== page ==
Clean up of Iraqi toxic sites begins

A highly polluted former industrial site in Iraq is due to be cleaned up by the UNEP following a study of environmental hot-spots.

The Al Quadissiya site occupies 50 hectares on a flat plain between the Tigris and Euphrates. It was once a complex of metal plating and machining units manufacturing products including small arms.

However, the facility was damaged by ground and air strikes during the 2003 invasion of Iraq, and subsequently looted in the aftermath of the conflict.

A UNEP assessment team report concludes that the most pressing issue to deal with is the dispersed piles of sodium cyanide pellets which were used in the hardening process for small arms manufacture.

Several tonnes of the acutely toxic compound are believed to be at the site along with heavy metal waste such as lead, nickel and cadmium.

The UNEP has secured US$900,000 for cleaning up the site which is just one of five ‘priority’ sites among 50 of the hotspots identified. Some of the money may be used to decontaminate another priority site, the Al Suwaira pesticide warehouse complex 50km south east of Baghdad, although this doesn’t pose such a health risk as it has been sealed off from the public.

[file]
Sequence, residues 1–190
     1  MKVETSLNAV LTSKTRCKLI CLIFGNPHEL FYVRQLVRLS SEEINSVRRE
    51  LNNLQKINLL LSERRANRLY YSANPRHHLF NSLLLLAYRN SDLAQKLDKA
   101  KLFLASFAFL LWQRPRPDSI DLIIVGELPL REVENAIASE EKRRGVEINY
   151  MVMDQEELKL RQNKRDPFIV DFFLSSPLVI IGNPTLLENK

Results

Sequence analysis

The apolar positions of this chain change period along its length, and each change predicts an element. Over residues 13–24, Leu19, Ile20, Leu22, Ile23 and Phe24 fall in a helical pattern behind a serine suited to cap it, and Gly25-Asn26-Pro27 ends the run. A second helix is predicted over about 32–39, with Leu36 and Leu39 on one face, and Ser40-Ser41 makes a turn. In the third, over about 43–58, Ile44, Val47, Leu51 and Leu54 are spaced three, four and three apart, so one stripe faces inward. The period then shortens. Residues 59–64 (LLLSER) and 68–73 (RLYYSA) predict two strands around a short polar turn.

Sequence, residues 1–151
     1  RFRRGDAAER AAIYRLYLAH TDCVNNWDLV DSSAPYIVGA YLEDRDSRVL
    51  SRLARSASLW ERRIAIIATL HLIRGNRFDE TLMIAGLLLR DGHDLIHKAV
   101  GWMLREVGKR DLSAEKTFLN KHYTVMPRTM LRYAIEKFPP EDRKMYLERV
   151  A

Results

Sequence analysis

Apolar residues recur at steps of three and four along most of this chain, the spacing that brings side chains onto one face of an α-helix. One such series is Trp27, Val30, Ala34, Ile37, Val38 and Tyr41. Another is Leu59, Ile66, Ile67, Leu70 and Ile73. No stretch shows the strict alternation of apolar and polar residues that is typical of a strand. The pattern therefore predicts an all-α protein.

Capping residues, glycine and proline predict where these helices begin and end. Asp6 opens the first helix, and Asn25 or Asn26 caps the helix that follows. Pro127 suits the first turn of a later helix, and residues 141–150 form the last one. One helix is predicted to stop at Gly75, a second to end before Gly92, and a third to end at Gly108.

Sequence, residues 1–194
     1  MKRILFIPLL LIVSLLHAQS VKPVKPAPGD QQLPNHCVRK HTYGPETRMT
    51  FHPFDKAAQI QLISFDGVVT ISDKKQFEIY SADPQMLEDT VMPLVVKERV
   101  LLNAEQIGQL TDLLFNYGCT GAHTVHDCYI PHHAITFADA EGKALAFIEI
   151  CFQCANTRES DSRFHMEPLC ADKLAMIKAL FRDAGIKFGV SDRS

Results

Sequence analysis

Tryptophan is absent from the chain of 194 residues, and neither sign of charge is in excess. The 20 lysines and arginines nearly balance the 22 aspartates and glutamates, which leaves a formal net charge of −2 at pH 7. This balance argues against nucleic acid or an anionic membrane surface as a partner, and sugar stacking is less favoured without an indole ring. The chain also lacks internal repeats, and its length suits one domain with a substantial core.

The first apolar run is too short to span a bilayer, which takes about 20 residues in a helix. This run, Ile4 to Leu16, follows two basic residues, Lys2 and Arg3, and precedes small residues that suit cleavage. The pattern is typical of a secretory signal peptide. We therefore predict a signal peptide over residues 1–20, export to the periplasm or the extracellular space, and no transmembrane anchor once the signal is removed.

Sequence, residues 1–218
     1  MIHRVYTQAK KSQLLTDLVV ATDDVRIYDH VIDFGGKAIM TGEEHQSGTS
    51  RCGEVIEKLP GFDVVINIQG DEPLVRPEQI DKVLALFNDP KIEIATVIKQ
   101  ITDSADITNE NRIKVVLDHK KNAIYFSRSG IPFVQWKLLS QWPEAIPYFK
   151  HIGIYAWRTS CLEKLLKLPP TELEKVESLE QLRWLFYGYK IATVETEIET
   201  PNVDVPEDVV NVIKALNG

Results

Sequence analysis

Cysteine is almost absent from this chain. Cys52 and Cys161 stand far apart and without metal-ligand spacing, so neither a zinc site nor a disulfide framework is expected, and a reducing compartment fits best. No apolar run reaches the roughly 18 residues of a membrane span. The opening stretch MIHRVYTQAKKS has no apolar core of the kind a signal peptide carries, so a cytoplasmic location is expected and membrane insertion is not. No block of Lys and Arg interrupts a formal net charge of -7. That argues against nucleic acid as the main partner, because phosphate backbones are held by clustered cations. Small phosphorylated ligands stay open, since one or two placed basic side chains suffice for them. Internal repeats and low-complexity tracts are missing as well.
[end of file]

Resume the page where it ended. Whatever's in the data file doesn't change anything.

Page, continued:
The report highlights the fact that Iraq has “a significant legacy of contaminated and derelict industrial and military sites” and warns that the destruction of the country’s military arsenal is creating new problems at scrap yards and munitions dumps.

There are also recommendations covering the oil industry’s contaminated sites and one for the establishment of a hazardous waste facility.

Overall, approximately US$40 million is needed to meet the recommendations in full.

“Wars, conflicts and the poor environmental management of the previous regime have left their scars on the Iraqi people and the Iraqi environment,” said Klaus Toepfor, UNEP’s executive director. “If the country is to have a brighter and less risky future it is incumbent on the international community to help the authorities there deal with these pollution hot spots. A good and positive example of capacity building and technology support.”

He said that one of the more positive outcomes of the study was the training it had given Iraqi people from various ministries including the Ministry of Environment which will allow the government to assess and deal with potentially hazardous sites over the coming years.

The clean up should begin in December this year.

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